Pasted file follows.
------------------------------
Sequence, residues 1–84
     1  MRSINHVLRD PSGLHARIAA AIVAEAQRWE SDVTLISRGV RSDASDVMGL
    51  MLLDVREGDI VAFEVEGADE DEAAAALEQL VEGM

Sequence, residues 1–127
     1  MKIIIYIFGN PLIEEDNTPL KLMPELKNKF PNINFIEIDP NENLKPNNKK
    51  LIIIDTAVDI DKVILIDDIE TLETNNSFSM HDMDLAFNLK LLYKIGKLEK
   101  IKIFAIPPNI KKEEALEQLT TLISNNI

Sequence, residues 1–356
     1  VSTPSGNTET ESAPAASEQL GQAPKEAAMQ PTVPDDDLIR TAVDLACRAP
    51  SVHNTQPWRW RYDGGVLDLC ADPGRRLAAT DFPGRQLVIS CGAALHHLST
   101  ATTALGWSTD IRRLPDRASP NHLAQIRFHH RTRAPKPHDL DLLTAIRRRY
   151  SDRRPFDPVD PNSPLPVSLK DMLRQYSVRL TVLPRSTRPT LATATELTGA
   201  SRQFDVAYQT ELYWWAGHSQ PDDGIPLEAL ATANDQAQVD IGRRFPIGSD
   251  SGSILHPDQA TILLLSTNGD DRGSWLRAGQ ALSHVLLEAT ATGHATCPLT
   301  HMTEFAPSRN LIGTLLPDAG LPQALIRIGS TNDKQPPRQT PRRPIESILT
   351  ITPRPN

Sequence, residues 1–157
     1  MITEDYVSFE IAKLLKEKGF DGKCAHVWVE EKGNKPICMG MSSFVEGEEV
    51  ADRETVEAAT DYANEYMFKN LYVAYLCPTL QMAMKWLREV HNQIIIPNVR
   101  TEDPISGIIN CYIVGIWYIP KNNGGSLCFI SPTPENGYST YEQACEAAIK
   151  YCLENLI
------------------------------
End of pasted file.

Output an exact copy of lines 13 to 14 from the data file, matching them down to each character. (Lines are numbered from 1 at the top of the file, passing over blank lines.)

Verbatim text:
   201  SRQFDVAYQT ELYWWAGHSQ PDDGIPLEAL ATANDQAQVD IGRRFPIGSD
   251  SGSILHPDQA TILLLSTNGD DRGSWLRAGQ ALSHVLLEAT ATGHATCPLT